Electronic devices can use lots of different methods to detect a person’s input on a touch-screen. Most  of them use sensors and circuitry to monitor changes in a particular state. Many, including the  iPhone, monitor changes in electrical current. Others monitor changes in the reflection of waves.  These can be sound waves or beams of near infra-red light. A few systems use transducers to measure  changes in vibration caused when your finger hits the screen’s surface or cameras to monitor changes  in light and shadow.

The basic idea is pretty simple — when you place your finger or a stylus on the screen, it changes the state that the device is monitoring. In screens that rely on sound or light waves, your finger physically blocks or reflects some of the waves. Capacitive touch-screens use a layer of capacitive material to hold an electrical charge; touching the screen changes the amount of charge at a specific point of contact. Inresistive screens, the pressure from your finger causes conductive and resistive layers of circuitry to touch each other, changing the circuits’ resistance.

Touch-screen monitors have become more and more commonplace as their price has steadily dropped over the past decade. There are three basic systems that are used to recognize a person’s touch:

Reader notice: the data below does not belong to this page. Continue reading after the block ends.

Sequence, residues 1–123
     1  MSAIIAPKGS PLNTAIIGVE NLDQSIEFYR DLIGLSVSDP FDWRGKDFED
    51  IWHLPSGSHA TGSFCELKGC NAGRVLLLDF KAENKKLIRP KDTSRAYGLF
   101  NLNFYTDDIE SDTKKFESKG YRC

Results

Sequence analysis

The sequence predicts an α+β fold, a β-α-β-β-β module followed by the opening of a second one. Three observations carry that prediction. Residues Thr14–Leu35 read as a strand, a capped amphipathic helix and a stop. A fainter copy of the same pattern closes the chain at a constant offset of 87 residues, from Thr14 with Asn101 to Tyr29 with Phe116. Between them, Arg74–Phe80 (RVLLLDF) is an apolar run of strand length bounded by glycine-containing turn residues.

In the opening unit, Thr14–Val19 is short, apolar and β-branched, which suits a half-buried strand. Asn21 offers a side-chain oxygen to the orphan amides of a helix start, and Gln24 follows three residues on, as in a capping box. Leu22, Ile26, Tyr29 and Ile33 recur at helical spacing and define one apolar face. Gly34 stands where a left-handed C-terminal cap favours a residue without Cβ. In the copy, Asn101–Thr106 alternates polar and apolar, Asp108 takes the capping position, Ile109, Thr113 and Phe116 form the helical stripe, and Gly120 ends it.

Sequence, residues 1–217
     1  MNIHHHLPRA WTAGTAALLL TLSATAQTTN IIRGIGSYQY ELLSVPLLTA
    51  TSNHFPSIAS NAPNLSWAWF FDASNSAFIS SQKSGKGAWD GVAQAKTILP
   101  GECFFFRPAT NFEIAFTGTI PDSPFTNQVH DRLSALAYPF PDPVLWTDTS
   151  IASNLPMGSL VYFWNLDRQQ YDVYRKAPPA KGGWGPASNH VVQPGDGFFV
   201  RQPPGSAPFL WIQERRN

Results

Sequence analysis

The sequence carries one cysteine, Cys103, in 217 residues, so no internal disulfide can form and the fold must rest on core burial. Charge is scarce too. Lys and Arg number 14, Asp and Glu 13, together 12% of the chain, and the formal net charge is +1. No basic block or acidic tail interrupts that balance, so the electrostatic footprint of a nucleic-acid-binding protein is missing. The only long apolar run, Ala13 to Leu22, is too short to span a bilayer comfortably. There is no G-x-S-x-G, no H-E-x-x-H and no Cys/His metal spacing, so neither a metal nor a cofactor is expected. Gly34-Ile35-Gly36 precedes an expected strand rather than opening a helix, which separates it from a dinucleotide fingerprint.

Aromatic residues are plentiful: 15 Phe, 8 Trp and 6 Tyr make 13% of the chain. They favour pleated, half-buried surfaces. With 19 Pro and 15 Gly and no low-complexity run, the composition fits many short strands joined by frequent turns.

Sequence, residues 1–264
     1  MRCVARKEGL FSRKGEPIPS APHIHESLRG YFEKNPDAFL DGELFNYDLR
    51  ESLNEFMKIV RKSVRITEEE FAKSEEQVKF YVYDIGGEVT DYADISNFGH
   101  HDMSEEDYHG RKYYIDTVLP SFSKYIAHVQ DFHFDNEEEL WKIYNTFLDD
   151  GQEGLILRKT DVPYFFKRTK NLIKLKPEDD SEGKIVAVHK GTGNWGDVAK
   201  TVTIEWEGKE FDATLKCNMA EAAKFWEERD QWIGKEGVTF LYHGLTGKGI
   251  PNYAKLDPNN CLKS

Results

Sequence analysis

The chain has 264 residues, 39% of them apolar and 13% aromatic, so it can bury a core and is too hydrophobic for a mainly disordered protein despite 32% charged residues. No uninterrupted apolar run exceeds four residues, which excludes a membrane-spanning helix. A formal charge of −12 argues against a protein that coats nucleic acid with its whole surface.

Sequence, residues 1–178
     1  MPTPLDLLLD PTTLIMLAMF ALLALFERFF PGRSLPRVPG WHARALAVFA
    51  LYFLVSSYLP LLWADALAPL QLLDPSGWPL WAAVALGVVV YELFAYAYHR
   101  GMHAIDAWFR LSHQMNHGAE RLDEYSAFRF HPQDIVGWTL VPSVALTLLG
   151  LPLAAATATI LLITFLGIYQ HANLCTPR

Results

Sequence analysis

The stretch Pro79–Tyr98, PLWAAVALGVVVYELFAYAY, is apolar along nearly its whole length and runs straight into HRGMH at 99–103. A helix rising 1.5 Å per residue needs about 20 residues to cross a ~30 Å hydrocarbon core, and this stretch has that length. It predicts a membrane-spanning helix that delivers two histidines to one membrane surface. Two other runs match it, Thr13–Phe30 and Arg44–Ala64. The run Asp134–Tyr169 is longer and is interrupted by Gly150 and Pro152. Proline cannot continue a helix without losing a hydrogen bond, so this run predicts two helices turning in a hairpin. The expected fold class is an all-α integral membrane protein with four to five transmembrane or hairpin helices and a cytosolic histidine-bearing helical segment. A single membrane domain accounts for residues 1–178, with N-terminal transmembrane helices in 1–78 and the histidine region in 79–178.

• Resistive
  • Capacitive
  • Surface acoustic wave

    Basic touchscreens revealed

The resistive system consists of a normal glass panel that is covered with a conductive and a resistive metallic layer. These two layers are held apart by spacers, and a scratch-resistant layer is placed on top of the whole setup. An electrical current runs through the two layers while the monitor is operational. When a user touches the screen, the two layers make contact in that exact spot. The change in the electrical field is noted and the coordinates of the point of contact are calculated by the computer. Once the coordinates are known, a special driver translates the touch into something that the operating system can understand, much as a computer mouse driver translates a mouse’s movements into a click or a drag.